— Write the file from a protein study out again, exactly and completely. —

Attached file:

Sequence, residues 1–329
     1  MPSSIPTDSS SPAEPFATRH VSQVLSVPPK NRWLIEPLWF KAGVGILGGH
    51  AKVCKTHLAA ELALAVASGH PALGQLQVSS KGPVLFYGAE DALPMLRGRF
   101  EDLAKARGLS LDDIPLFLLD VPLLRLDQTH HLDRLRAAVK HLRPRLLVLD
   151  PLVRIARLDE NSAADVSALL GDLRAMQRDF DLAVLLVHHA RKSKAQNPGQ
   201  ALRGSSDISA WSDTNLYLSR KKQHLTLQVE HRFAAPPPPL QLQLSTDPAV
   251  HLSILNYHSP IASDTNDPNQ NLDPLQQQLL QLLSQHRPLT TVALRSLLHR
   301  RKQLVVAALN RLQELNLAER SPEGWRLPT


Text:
Sequence, residues 1–329
     1  MPSSIPTDSS SPAEPFATRH VSQVLSVPPK NRWLIEPLWF KAGVGILGGH
    51  AKVCKTHLAA ELALAVASGH PALGQLQVSS KGPVLFYGAE DALPMLRGRF
   101  EDLAKARGLS LDDIPLFLLD VPLLRLDQTH HLDRLRAAVK HLRPRLLVLD
   151  PLVRIARLDE NSAADVSALL GDLRAMQRDF DLAVLLVHHA RKSKAQNPGQ
   201  ALRGSSDISA WSDTNLYLSR KKQHLTLQVE HRFAAPPPPL QLQLSTDPAV
   251  HLSILNYHSP IASDTNDPNQ NLDPLQQQLL QLLSQHRPLT TVALRSLLHR
   301  RKQLVVAALN RLQELNLAER SPEGWRLPT